Tuesday, December 9, 2014

Extra Credit-Emilia Martin

1) "The Square" was a really informative and interesting documentary about the issues that have been going on in Cairo, Egypt regarding the revolution and revolts against the government and leadership there. The film did a great job of showing what it was like to be on the inside of the revolution to get a bird's eye view of what everyone was fighting for. I thought this documentary had a lot of strengths to it, one being that it focused mostly on one individual, Ahmed, and his fight against the government and all the people that he made connections with and fought with. It helped the audience really get in touch and see what was going on on the inside of this revolution. Another strength of this film was the actual filming quality of it. Because it wasn't an actual movie with professional videographers, and was filmed probably by a journalist or a reporter with a hand help camera really gives you a sense of the instability and chaos that was occurring in Egypt for the last 2 and a half years this uprising. The filming brings the audience into the chaos along with the others there because it is so raw and so real. One weakness I thought this documentary had was the use of the subtitles. Of course because the revolution was in Egypt, the language was not going to be english and subtitles were definitely needed, however, because the viewer constantly had to read the words on the screen it took their eyes away from what was going on behind them. I often times was distracted by looking at the pictures or the videos of what was happening and missed some of the subtitles and got lost in what was going on.

There were many important themes and ideas that was occurring during this documentary. One major theme that was really prominent was the fight for freedom from the 30 years of rule from Leader Mubarak and his emergency laws. They people of Egypt rebelled together in the Tahirir Square for 2.5 years to get away from that type of government and live a life of democracy and freedom. They couldn't be silenced. Another theme that was very evident was the unity the people had to fight together as one against the President. Although they feel apart when the Muslin Brotherhood took control, those rebelling against that group stayed together as one unit fighting for the same thing. One last theme in this film was the use of social media and how it played a huge roll in aiding the rebellion and revolutionists. Its purpose was to serve as a way to expose the leaders faults and what they were doing to those who were fighting like abusing them and destroying their tents in the square with the cameras that people collectively used.

2) In Egypt in 2011, protests started to overthrow the President Mubarak and his emergency laws and unjust government. People of all religions and cultures came together in unity to oust him and when he finally stepped down Egypt held its first presidential elections. One side was the for the Muslim Brotherhood and the other was for Mubarak to be elected again. The Brotherhood won under the rule of President Morsi but just after a year he was forced to step down because the revolution and rebelling continued in The Square because people were still unhappy with the new ruler. The Brotherhood stood for a government run primarily by religion--The Muslim religion which suppressed all others and discriminated those who didn't follow that faith. The rebellions continued after he stepped down as did the chaos of trying to find  new leader that was just and fair and wanted freedom and equality of all people. Those who once fought together, the Muslims and other Egyptians, to over thrown Mubarak are now separate because they do not see eye to eye on political justices or ways of government. Now in Egypt the former military general, Abdel Fattah has been elected President.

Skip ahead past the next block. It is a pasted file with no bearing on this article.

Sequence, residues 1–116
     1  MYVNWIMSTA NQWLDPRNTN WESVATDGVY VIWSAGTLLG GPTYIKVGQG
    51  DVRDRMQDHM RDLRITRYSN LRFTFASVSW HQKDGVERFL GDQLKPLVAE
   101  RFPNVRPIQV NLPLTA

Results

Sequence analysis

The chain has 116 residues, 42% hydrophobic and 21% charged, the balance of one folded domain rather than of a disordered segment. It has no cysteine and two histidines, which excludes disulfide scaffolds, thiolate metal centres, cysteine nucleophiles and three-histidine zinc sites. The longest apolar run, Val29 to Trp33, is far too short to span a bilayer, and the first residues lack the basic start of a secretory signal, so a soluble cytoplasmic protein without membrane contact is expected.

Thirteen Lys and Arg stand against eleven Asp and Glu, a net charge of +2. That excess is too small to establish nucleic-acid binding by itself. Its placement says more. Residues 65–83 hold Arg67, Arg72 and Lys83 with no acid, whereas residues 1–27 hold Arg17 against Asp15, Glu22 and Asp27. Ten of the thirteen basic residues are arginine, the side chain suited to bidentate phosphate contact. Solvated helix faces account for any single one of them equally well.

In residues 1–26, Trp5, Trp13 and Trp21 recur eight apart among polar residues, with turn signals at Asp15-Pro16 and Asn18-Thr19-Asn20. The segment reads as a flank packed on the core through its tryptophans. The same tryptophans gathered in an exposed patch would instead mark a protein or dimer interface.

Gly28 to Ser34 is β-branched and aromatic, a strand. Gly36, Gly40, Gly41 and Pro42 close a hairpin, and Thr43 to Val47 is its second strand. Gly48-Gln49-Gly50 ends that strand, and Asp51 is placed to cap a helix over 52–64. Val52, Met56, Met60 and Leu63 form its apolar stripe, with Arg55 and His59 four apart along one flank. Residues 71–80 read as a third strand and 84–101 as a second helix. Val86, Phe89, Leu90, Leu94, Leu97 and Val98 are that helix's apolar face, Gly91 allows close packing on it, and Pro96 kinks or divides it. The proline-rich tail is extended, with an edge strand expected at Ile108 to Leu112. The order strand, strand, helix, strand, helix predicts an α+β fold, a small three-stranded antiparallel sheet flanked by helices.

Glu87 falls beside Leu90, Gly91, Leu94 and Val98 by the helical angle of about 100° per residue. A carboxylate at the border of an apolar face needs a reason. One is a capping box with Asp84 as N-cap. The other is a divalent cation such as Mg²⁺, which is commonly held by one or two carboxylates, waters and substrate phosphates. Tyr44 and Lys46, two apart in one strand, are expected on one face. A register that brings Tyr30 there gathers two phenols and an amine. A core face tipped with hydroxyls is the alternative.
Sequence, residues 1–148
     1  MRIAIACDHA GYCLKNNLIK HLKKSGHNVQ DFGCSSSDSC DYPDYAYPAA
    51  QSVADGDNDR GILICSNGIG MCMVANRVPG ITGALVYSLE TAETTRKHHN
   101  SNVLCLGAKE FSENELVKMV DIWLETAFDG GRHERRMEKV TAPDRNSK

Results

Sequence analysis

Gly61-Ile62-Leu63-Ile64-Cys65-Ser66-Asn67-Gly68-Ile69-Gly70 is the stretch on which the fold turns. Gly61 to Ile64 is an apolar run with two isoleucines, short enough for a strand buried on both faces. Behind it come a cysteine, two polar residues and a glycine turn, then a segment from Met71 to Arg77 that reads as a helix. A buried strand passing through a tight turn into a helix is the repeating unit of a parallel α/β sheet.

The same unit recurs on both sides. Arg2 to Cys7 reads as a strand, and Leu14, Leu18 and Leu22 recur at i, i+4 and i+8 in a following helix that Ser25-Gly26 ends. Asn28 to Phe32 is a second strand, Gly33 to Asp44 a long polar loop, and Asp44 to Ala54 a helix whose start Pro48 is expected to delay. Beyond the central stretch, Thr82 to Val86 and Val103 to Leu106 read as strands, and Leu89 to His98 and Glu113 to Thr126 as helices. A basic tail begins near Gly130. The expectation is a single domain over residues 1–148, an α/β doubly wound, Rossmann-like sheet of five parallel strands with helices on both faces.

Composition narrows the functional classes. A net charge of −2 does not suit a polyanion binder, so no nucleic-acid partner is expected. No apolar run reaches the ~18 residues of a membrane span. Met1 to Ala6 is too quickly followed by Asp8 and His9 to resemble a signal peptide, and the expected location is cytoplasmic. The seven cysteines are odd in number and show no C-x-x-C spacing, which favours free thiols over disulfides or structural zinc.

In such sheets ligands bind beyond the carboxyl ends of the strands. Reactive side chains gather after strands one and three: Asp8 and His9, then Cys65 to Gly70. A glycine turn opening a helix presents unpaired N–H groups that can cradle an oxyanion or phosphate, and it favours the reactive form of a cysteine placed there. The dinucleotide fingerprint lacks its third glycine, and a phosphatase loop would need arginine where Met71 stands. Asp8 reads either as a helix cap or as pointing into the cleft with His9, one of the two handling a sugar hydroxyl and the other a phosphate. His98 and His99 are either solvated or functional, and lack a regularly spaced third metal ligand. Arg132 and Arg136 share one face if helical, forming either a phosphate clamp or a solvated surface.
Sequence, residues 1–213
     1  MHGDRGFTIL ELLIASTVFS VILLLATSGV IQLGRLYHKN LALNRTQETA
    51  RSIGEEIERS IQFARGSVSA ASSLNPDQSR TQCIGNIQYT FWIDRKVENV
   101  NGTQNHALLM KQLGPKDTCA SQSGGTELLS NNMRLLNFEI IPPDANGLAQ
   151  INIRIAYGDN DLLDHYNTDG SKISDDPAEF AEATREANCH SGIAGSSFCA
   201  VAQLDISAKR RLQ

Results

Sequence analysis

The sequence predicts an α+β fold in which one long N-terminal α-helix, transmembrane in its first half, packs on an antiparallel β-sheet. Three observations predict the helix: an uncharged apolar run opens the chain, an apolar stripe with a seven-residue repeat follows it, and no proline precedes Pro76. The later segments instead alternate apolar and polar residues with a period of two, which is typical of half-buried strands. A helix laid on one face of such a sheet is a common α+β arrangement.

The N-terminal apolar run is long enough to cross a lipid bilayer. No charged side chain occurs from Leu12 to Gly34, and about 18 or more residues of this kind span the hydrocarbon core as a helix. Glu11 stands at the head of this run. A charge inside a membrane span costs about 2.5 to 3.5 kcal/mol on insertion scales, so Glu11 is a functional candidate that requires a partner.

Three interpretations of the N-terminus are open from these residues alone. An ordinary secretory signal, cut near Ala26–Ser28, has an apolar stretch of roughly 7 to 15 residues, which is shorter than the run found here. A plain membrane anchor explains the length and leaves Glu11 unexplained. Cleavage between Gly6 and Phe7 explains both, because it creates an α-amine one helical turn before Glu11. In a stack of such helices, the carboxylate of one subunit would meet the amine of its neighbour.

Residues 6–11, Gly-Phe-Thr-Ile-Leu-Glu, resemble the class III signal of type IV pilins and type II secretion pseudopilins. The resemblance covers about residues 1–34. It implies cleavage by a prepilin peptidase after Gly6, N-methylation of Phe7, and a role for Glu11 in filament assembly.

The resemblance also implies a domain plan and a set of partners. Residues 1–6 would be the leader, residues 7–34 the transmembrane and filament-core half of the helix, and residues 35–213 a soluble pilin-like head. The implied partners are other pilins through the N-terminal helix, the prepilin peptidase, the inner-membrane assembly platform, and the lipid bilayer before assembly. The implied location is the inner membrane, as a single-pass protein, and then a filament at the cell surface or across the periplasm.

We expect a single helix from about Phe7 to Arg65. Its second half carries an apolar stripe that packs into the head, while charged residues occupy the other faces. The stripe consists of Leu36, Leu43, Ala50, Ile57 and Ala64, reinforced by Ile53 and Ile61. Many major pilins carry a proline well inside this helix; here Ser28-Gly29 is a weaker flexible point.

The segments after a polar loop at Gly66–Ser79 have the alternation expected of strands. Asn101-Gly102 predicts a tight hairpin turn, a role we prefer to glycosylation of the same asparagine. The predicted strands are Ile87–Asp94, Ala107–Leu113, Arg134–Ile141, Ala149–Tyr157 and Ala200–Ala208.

Social Media played a huge role in the uprising in Egypt because a lot of the time, the things that were going on in the square or with the military were not publicized on the news, not on CNN or NBC but were broadcasted through videos on youtube and other websites which was evident in the documentary "The Square". Social Media was how a lot of people communicated with each other throughout the revolution to let others know what was happening and that help was needed. Another example of power abuse and unrest in the world is in Syria. Syria, which is mostly populated by Arabs, some Kurds, and some Iraqis refugees, are protesting against ruling regimes in The Middle East. Syrian protestors are demanding the removal of President Bashar al-Assad and his government. In response to this revolt, the president sent in his troops into the cities; many have been killed and/or injured during this combat. The media is getting involved with the issue little by little but sometimes seems to be very one-sided. Revolts and fighting is still occurring today.

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